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After being elected as International Councillor of the APS Council in mid-2009 I realized what a big responsibility this was. I was expected to represent, in a 30 Members plus 7 Officers Council, all regions in the world. Of course I was not prepared to deal with questions relevant to each one of them. During 1 ½ years as Councillor – my 2-years term ends next December – I was lucky to meet many special people and to be able to vote for some important issues impacting the international physics community.
The evening before my first meeting, in April 2010, I met Amy Flatten, Director of the APS Office of International Affairs. She was, and I became, very excited with the possible approval by the Council of a USA/ Brazil Exchange Program to be agreed upon and conducted by the respective Physical societies APS and SBF, in terms similar to the already ongoing program with India. This SBF/APS program was approved by the Council in the meeting and is now fully operational. New Exchange Programs are about to be established with Argentina, Chile, China and South Africa, with negotiations at different stages in each case. Amy Flatten enthusiastically presents the reports on International Affairs in every Council meeting.
Also in the first meeting that I attended, the Council recommended a change to the APS Constitution, increasing the number of International Councillors from one to four. This required a vote among all APS members, and the full membership approved this change, which means changing the current composition of Councillors from 8 U.S. and 1 International to 5 U.S. and 4 International Councillors. This keeps the number of seats the same in the Council, and is about to be implemented.
There is a clear trend in the APS towards becoming more international, and that’s for good reason: there are of the order of 10,000 international members, meaning 25% of non-student members are from countries other than the U.S. The APS meetings are now truly international. Besides presenting their work and attending high quality sections, scientists can plan well ahead to discuss with collaborators and other colleagues from different countries during the event. Also, the Physical Review series publishes more papers from abroad than from authors working in the U.S.
Expressing my opinion in the Council meeting was always a bit intimidating, given the number of distinguished members (most native English speakers) and the meeting room layout. Ken Cole, the Assistant to the Council, actually a most efficient assistant, has always been supportive and ready to help. The intervention I remember giving in my first meeting was about the increase of the number of International Councillors, from 1 to 4: I expressed my great relief on behalf of the future International Councillors that would be able to split by 4 the responsibility to represent different regions.
APS journals were always discussed in the Council meetings, with regular reports presented by the Editor-in-Chief and by the Treasurer/Publisher. The expansion of the existing building for editorial activities was approved in April 2010 and progress reports were given in subsequent Council meetings. In April 2011 the Editorial Board of the newly created journal, Phys Rev X, was presented to the Council. It has 22 US and 21 International members. Two women from the U.S. are included.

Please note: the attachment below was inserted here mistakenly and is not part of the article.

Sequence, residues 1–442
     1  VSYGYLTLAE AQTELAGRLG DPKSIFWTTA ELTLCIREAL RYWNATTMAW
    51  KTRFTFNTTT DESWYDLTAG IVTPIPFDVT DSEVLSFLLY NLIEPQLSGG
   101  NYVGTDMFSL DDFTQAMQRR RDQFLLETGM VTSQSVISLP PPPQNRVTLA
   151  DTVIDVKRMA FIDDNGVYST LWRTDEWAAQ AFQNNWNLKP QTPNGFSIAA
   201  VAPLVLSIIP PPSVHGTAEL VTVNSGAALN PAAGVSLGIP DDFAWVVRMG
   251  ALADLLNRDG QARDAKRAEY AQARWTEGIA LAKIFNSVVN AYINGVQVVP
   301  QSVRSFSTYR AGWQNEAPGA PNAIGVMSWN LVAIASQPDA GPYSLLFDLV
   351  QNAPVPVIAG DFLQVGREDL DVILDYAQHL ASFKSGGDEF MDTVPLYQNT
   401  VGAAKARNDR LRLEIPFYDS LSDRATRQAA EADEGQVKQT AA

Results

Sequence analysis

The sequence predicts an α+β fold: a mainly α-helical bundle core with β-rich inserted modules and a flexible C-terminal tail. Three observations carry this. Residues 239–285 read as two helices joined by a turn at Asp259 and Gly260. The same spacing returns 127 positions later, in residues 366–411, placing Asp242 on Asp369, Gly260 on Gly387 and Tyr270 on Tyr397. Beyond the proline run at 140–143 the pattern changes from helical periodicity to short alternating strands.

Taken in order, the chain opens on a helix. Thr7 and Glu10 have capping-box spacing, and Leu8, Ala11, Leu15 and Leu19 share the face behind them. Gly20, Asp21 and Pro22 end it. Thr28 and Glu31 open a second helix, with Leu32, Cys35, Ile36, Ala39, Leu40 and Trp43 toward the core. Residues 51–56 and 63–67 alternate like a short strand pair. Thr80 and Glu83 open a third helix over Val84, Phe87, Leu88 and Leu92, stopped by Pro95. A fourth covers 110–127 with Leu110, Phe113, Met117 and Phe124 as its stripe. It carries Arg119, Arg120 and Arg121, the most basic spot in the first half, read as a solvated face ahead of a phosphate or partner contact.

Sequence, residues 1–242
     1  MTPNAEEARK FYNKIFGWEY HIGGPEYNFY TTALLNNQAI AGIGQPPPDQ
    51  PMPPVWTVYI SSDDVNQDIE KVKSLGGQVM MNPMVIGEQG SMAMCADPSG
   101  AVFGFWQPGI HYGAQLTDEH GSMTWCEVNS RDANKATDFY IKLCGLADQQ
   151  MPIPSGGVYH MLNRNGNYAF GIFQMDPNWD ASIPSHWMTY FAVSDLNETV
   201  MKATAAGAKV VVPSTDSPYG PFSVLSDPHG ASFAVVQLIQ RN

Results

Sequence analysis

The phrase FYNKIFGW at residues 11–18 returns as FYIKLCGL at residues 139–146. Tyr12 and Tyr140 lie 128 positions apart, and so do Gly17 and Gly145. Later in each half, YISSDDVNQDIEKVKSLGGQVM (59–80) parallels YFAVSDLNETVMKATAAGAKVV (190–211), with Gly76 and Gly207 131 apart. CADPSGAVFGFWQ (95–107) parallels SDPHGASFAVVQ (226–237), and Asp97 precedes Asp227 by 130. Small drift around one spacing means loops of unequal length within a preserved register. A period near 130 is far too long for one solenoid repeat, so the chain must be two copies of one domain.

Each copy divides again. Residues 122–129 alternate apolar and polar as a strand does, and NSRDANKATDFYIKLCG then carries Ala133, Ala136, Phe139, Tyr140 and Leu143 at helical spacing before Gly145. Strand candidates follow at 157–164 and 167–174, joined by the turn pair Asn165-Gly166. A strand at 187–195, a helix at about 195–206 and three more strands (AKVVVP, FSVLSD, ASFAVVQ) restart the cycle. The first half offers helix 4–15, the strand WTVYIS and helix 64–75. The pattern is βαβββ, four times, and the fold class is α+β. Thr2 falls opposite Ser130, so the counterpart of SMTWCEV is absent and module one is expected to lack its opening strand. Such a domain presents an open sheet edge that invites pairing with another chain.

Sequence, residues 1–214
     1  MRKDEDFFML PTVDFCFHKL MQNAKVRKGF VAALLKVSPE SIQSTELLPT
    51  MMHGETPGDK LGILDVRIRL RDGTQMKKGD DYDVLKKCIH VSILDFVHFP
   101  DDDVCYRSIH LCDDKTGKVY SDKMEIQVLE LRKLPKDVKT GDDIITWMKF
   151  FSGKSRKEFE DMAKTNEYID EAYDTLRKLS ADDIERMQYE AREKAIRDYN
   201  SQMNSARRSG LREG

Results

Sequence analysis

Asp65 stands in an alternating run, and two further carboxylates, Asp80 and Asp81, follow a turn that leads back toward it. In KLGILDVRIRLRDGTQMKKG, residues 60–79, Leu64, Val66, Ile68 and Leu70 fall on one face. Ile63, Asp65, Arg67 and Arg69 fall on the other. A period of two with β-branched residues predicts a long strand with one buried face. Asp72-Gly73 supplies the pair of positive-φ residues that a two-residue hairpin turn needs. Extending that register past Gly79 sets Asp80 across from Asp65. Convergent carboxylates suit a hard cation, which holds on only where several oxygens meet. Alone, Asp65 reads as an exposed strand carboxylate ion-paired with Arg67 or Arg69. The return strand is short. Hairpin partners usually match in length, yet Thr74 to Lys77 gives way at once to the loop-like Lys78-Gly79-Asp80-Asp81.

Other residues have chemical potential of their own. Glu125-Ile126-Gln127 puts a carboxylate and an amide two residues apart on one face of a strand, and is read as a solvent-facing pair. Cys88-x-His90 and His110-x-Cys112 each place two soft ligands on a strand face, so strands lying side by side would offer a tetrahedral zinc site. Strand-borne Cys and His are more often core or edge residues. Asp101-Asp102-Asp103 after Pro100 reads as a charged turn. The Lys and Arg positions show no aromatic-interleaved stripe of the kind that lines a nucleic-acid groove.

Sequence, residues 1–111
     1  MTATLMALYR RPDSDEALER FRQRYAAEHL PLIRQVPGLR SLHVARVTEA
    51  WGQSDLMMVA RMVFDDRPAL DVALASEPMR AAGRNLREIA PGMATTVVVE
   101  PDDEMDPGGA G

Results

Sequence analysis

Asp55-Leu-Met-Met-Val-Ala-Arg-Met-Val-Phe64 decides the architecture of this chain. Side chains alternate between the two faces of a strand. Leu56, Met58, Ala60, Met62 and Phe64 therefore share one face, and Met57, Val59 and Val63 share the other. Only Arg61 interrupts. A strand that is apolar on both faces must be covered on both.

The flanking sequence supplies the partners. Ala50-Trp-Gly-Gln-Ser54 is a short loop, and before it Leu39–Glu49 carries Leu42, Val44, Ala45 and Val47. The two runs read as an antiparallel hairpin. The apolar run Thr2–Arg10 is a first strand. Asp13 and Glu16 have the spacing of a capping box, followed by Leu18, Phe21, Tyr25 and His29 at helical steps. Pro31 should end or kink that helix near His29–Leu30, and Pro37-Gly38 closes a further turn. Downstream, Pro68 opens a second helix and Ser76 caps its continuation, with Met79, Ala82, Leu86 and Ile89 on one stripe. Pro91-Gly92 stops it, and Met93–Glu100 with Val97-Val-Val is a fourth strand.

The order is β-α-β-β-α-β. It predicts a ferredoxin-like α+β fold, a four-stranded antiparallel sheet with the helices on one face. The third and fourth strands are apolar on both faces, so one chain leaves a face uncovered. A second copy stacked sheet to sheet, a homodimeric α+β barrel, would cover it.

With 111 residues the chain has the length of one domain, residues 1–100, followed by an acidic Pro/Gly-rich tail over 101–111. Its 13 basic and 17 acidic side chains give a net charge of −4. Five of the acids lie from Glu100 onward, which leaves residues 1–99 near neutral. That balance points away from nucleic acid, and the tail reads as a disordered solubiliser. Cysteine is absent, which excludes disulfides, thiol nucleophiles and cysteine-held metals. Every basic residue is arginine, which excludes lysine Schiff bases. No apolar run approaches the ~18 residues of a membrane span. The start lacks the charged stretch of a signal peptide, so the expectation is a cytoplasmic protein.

Other topics regularly brought to the Council and that I found of particular interest to developing countries are Education & Diversity, and Outreach. A lot of quality material (books, videos, public events) were proposed and completed by the APS Committees typically within a year. This was true essentially in all other areas where APS contributes.
My latest activity related to APS started in the April 2011 meeting, when Amy Flatten asked me to represent APS in a one-day workshop on "World Cooperation in Physics: Bridging the Gaps" a satellite workshop of the Brazilian Physics Meeting 2011, the SBF Annual Meeting. There I met Raul Grigera, from Argentina, member of the Committee of International Scientifics Affairs (CISA), who also participated in the workshop, bringing additional information from his APS experience. The resulting joint presentation was named: "APS from the perspective of Latin American members of APS committees" went very well. In preparation for this, I got interesting data from Amy, including the APS international members’ regional distribution, which I reproduce here:
Region/Number of APS members
Western Europe: 4,480
Latin America: 484
Middle East: 486
Eastern Europe: 241
To see ideas turn into proposals which become a reality after a year or so was a very stimulating experience and a lesson from APS to take back home.
Belita Koiller, an APS International Councillor is Professor of Physics at the Instituto de Fisica, Universidade Federal do Rio de Janeiro (UFRJ) , Brazil and is a Condensed Matter Theorist.
Disclaimer - The articles and opinion pieces found in this issue of the APS Forum on International Physics Newsletter are not peer refereed and represent solely the views of the authors and not necessarily the views of the APS.